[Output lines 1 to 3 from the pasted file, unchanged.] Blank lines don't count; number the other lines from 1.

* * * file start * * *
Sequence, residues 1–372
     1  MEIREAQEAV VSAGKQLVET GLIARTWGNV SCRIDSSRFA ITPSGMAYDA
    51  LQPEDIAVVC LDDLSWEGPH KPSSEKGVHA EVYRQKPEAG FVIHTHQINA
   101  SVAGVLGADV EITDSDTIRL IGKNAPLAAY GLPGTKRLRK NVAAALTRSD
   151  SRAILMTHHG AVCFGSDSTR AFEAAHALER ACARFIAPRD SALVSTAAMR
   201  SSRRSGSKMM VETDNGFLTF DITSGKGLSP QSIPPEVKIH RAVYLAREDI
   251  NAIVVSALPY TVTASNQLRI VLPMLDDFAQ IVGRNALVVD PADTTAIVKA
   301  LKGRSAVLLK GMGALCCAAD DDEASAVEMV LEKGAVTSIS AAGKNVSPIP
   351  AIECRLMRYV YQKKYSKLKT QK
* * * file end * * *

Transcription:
Sequence, residues 1–372
     1  MEIREAQEAV VSAGKQLVET GLIARTWGNV SCRIDSSRFA ITPSGMAYDA
    51  LQPEDIAVVC LDDLSWEGPH KPSSEKGVHA EVYRQKPEAG FVIHTHQINA